Botanical Collections

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The Botanical Collections at Digital UW include an extensive collection of Botanical Field Books, Botanical Images from the Robert and Jane Dorn Collection, Japanese Botanical Books, and a variety of related digitized materials. For more collections see our other Digital Herbaria!


1899 botanical expedition into Yellowstone Park
Leslie N. Good[d]ing., Caption title., Errata slip inserted., Issued with Nelson, R. E. A. Dr. Aven Nelson (v. 11, no. 1 of the series)
Botanical Field Books
Here you will find digital images of notebooks compiled during the course of botanical field work, recording the dates, locations, and names of specimens collected. Currently, we have notebooks from the Rocky Mountain Herbarium and a smaller collection of notebooks documenting plants from the Bandelier National Monument. The field work for the University of Wyoming collections was performed by Aven Nelson, Elias Nelson, Leslie N. Goodding, Edwin B. and Lois B. Payson, Louis O. Williams and others identified only by initials. Specimens were collected primarily in Wyoming, but also in parts of Colorado, Nebraska, Montana, Idaho, and other states. Manuscript originals housed at the Rocky Mountain Herbarium, University of Wyoming. Specimen entries in the field books are numbered, and these numbers correspond to specimens housed in the Rocky Mountain Herbarium at the University of Wyoming. Some specimens have also been digitized as part of the Digital Herbaria. To search for specimens from the notebooks, go to the Digital Herbaria Search Page and enter the collector’s name in the “Collector” field and the specimen number in the “Collector #” field.
Contributions toward a flora of Wyoming
No. 1 (1942)-no. 35 (1965).
Dr. Aven Nelson
Ruth Ashton Nelson., Caption title., Foreword by J. L. Morrill., Issued with Goodding, L. N. The 1899 botanical expedition into Yellowstone Park. Porter, C. L. Studies in Wyoming grasses [V]. Macbride, J. F. Vaccinium and relatives in the Andes of Peru. McGowen, J. D. The development of political institutions on the public domain. McGowen, J. D. Cowboy Joe, administrator. Jones, M. E. The contributions of sociology to postwar reconstruction. Hirsch, H. Jean Jaurès as historian. Varnum, E. C. Reduction of., inverse tangents to integral arguments (v. 11, no. 2-9 of the series)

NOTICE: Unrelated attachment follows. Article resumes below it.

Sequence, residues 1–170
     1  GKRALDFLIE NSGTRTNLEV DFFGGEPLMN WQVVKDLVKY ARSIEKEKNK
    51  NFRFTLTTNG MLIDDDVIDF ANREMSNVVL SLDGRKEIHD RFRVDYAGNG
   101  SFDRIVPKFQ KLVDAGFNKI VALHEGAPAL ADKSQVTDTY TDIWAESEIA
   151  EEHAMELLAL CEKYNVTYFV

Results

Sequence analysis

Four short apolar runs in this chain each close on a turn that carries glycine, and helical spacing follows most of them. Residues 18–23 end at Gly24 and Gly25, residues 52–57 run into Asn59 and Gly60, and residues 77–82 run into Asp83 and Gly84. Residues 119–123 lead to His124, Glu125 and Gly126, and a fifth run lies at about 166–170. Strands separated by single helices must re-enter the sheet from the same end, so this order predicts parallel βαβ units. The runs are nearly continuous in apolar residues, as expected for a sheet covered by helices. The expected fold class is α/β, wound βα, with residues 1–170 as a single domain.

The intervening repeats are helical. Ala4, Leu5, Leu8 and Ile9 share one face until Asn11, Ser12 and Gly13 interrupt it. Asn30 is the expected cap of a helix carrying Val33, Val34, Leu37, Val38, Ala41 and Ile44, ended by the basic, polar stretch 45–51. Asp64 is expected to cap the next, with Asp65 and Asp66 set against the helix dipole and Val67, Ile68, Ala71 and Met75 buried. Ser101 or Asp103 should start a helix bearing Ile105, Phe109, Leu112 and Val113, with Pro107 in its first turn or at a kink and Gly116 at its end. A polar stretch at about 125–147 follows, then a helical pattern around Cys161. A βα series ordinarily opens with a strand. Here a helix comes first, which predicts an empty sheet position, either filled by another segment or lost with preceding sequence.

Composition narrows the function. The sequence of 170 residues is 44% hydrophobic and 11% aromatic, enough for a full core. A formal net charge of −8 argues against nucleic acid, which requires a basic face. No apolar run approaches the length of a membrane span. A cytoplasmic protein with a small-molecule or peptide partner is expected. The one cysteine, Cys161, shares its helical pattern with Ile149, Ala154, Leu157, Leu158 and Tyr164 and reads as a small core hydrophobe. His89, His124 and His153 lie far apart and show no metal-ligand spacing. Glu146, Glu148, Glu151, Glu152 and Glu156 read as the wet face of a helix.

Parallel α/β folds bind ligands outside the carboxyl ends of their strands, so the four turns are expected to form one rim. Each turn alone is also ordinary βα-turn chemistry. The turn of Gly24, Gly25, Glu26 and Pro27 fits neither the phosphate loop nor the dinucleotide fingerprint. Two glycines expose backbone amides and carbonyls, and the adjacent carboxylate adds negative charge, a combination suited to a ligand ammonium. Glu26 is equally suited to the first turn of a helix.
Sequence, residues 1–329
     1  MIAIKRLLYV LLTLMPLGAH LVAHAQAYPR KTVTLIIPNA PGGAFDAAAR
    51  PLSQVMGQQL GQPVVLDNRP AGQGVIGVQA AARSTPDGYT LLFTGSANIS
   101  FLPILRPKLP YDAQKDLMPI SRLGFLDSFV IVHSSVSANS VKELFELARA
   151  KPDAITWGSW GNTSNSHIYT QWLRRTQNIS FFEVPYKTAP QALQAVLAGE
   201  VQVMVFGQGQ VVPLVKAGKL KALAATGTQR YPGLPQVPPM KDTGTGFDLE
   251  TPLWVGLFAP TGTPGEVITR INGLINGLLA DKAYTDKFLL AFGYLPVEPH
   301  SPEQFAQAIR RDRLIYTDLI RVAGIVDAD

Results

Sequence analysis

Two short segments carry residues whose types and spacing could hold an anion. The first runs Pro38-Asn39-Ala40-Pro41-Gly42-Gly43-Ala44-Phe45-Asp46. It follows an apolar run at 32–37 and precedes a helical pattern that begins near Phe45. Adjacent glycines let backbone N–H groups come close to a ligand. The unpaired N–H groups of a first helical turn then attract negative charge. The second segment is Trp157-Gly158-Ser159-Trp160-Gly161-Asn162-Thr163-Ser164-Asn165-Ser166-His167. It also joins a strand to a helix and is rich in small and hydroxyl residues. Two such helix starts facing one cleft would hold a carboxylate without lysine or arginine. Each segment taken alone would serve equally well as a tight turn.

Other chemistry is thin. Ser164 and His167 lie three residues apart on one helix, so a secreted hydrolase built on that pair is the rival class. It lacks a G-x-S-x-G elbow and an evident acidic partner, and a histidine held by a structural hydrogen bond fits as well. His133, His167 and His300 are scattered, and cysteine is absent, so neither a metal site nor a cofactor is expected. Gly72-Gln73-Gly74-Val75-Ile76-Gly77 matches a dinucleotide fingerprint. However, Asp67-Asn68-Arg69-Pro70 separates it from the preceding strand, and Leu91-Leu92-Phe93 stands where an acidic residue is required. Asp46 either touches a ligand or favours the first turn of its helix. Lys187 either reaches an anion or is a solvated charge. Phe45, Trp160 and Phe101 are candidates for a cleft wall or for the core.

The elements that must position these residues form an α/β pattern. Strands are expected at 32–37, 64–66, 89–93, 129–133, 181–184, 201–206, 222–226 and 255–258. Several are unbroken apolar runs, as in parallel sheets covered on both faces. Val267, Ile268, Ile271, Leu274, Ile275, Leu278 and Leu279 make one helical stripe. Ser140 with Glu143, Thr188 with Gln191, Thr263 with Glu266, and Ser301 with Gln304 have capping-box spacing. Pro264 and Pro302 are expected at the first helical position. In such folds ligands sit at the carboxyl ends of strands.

Flora of the Black Hills
It is always desirable to have identification keys available for the smallest area one is working in rather than to have to labor through keys covering a larger area, whether a state, region, or nation. My keys for the Black Hills which appeared in 1977 are long out of date. This update has eliminated about 70 species which were reported earlier for the Black Hills but have never been documented with a specimen or reliable literature source. About 180 species have been added to the Black Hills flora since 1977. A high percentage of recent new reports for which specimens could be examined turned out to be misidentified. There are other reports for which I was unable to examine specimens. Some of these may be valid but are not included here. For this update I have chose not to include any descriptions, habitats, nor locations to keep the treatment compact and easily available to all who wish to use it. Detailed descriptions can be found in “Flora of the Great Plains” and in “Flora North America” which is online.
Japanese Botanical Books (Somoku zusetsu)
Modern Scientific Plant Encyclopedia, “Sou-Moku Zukan”, in twenty volumes (“近代科学的植物図鑑「草木図説」(草部)20巻“) was published between 1856 and 1861. The author, Iinuma, Yokusai (飯沼慾斎), 1782-1865, was a physician, who enthusiastically pursued the study of native plants in Japan. He adopted the first innovative method of recording and classifying observed morphology of a plant, and his Encyclopedia was the first one followed by the taxonomy of Linnaeus in Japan. This revised edition shown here was reprinted in 1874. The illustrations are drawings printed in black and white and provide effective demostration of the major features of each plant. In this revised edistion, some of the pages have a delicate wash of watercolor added as highlights. These books are read from Right to Left, but the book reader starts them on the Left side, so please jump to the Right side to read them correctly.
Studies in Wyoming grasses
1. Tribe Aveneae, the oatgrasses.--2. Tribe Agrostideae--the Red Top tribe.--3. Tribe Chlorideae, the grama grasses.--4. Tribe Hordeae, the barley grasses.--5. Tribe Festuceae, the fescue tribe.--6. Tribe Zoysieae, the curly mesquite tribe., C. L. Porter., Each vol. issued with other titles in the series., Caption title., Vol. 2 by C. L. Porter and R. Lang.
The Atlas Herbarium
Collected by W. G. Solheim
Vaccinium and relatives in the Andes of Peru
J. Francis Macbride., Caption title., Issued with Nelson, R. E. A. Dr. Aven Nelson (v. 11, no. 1 of the series)
Wild flowers from the Yellowstone
Date inferred from text information on Old Faithful Inn and the park road system and from A.M. Cleland's tenure as Northern Pacific general passenger agent. "Northern Pacific, Yellowstone Park Line.", [40 p.] :|bill. ;|c16 x 21 cm. Covers and pages tied with cord.
Wood's illustrated plant record
Adapted to any American botany.